They say there’s one in every crowd, and yesterday I guess I confirmed it.
With Shirle down in Florida visiting friends and family, my daily routine has been turned upside down. Yes, I still get up early and work late, but with the addition of the household chores normally tended to by my loving (well, sometimes!) wife, plus the demands of two very needy dogs who require walks, food and attention, my work schedule is in constant disruption.
My property on the side of this mountain is not fenced in or dog friendly. Our Betsy is well trained and not in need of a lot of attention when it’s time for her potty breaks, but Sebastian is still learning. I have chased him up and down these steep grades twice, and I am not interested in a third attempt, so Sebastian must go out on a leash.
Since I have yet to finish installing the garage door opener, my truck sits outside near the tiny level area that the dogs use. Sebastian, who has recently learned of the canine version of ecstasy, a car ride, now frequently disregards his metabolism’s calling, opting instead to beg at the backdoor of my Explorer. Partially to satisfy his insatiable desire, and partially because I don’t want the hassle of catching him and forcing him into his kennel, Sebastian and Betsy have been going on my daily trips down the mountain to the mailbox.
Yesterday as I forged the tiny creek that crosses the entrance to our private road up the mountain, the dogs started going crazy. I knew it wasn’t the herd of cows in the adjacent pasture, those bovines are old news; and it didn’t appear as though they were answering the Rottweiler who always greets us from his yard high above the mailbox station; the watchdog was uncharacteristically quiet. It wasn’t until I got out of the truck that I caught sight of the reason for the seemingly vicious attack dog’s stunned silence as well as the chaotic yammering of my own pseudo ferocious companions.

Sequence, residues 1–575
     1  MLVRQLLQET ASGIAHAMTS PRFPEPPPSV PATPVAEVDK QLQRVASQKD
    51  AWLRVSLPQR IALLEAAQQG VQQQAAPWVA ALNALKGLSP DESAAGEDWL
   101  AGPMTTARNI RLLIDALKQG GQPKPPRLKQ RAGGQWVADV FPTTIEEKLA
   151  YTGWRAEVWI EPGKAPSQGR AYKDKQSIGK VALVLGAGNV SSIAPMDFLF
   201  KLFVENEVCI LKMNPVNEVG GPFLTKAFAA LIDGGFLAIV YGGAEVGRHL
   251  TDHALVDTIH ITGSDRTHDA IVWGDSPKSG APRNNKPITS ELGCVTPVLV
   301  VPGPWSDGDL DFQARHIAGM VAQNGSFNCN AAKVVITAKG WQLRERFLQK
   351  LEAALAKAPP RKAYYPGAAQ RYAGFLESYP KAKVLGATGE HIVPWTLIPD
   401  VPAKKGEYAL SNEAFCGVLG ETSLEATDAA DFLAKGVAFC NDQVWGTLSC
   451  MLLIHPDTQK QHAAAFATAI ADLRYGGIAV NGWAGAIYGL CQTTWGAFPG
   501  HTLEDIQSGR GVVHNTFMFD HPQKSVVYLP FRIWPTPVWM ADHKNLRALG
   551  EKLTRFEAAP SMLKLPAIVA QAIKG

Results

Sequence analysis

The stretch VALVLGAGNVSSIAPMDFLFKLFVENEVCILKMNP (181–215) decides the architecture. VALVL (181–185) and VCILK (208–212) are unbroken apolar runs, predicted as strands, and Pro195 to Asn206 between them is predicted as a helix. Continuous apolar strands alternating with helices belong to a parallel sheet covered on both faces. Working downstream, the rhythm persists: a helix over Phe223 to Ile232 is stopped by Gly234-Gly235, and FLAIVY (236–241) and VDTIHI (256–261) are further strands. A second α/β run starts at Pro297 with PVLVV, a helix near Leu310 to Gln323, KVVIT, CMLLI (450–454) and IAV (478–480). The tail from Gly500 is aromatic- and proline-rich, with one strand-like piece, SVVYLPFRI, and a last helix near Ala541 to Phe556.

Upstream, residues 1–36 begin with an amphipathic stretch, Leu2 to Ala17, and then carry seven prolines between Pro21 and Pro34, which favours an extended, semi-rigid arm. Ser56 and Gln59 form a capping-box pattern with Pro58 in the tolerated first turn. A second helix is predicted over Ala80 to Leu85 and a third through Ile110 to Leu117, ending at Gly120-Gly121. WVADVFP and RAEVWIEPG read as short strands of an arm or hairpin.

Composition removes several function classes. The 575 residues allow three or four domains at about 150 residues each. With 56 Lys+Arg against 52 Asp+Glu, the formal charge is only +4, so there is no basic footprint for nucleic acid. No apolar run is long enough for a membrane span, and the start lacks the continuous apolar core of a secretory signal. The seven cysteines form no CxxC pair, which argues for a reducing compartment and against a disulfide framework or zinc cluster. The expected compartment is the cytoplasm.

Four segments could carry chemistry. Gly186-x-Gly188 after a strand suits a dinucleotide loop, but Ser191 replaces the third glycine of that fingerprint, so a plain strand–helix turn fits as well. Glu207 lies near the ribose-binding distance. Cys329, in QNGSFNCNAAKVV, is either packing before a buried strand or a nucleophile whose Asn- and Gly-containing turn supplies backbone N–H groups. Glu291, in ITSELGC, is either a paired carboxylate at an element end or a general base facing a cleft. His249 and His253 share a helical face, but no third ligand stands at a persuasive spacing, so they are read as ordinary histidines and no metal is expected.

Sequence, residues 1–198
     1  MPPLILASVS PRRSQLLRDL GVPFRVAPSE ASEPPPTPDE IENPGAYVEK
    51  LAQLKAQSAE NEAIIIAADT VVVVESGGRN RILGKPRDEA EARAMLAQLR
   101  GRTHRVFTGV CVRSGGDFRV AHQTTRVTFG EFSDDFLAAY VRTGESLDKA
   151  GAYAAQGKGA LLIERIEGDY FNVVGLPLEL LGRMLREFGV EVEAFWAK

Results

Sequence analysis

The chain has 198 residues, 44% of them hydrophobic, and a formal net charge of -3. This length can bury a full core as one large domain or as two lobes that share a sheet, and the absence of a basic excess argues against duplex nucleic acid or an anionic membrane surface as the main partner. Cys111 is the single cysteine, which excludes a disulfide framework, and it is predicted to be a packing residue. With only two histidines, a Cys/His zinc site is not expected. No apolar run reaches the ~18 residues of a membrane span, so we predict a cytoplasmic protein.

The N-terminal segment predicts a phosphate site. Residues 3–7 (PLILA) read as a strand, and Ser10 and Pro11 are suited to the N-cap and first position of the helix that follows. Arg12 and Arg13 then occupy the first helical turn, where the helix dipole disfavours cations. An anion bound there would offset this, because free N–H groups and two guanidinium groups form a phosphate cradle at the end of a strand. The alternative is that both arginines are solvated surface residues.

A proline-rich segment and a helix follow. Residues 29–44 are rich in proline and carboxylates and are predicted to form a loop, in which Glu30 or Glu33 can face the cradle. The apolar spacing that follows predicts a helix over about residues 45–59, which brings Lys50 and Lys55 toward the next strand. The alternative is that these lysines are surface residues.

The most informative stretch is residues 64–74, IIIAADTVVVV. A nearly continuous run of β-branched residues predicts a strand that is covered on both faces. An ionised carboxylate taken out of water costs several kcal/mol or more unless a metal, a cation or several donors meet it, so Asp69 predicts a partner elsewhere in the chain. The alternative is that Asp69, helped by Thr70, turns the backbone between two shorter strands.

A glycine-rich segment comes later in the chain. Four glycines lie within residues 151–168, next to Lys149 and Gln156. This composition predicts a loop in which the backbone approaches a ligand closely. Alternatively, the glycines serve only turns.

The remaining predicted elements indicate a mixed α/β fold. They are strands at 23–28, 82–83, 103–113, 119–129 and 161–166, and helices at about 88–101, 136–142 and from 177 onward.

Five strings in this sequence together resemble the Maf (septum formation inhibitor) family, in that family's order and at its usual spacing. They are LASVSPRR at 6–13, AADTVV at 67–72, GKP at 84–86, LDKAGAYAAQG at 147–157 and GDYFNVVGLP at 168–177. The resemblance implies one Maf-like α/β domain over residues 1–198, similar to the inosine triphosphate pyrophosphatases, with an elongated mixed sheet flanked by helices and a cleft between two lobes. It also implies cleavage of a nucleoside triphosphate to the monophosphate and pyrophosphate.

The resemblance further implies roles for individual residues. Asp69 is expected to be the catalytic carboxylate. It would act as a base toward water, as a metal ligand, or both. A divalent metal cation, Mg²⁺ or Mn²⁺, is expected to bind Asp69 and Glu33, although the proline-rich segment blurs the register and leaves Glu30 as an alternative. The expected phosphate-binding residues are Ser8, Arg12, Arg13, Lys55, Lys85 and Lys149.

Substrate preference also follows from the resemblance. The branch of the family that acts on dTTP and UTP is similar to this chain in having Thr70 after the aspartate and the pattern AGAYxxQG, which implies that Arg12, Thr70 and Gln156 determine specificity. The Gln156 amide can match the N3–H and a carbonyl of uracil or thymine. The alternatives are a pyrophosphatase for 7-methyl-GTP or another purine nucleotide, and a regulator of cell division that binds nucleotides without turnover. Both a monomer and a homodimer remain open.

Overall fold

Yes, even here in the Bible belt, even in the rural backwoods of the Smoky Mountains, even amongst the friendliest people in the world (not counting the ones from Deliverance), you never know when you’re going to run into a big ass (no, not Ned Beatty). Now, in case you suspect I misidentified this stranger, I have to say I have lived around these animals all my life. Believe me; I know the difference between most things and a true jackass. This was, unquestionably, not a horse or a mule, it was a very, very large donkey.
He (my gender assumption) apparently escaped the farm hidden behind the trees from which I enjoy the relaxed sounds of farm life. From my aerie’s front deck, I often hear the roosters, turkeys, cows, horses, and yes, the occasional bray of this misbehaving Equus asinus.
Perplexed with how to handle a six-foot tall donkey, without a bridle to lead him, with two noisy dogs in the back seat, and with no idea where exactly he was supposed to be corralled, the long-eared truant took pity on me and began a slow amble up a rutted trail in the direction of the hillside farm. Moments later to my relief, I saw the green F-150 that is also garaged somewhere up that lane, approach with the distraught owner searching for his missing Jack.
I love my rural mountain life, even though I still occasionally run into a true jackass.